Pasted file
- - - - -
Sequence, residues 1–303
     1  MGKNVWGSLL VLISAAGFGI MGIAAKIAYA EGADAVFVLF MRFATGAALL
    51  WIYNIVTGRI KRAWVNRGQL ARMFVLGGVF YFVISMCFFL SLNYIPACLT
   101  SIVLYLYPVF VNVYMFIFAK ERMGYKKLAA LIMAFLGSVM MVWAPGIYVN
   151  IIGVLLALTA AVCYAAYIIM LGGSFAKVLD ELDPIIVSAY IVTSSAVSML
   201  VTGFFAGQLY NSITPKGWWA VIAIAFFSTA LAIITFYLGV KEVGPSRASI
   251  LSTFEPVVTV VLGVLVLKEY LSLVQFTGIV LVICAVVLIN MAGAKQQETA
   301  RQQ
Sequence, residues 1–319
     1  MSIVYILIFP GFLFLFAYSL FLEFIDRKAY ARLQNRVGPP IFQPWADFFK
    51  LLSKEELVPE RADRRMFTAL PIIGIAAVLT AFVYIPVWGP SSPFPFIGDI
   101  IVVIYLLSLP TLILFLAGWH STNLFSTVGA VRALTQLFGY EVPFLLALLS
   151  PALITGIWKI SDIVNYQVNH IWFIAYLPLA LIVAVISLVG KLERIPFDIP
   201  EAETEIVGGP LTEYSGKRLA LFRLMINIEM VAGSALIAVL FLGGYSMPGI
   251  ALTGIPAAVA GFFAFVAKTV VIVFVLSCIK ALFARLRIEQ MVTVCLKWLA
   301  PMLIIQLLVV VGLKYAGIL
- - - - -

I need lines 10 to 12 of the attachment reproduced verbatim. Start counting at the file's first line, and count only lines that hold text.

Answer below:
     1  MSIVYILIFP GFLFLFAYSL FLEFIDRKAY ARLQNRVGPP IFQPWADFFK
    51  LLSKEELVPE RADRRMFTAL PIIGIAAVLT AFVYIPVWGP SSPFPFIGDI
   101  IVVIYLLSLP TLILFLAGWH STNLFSTVGA VRALTQLFGY EVPFLLALLS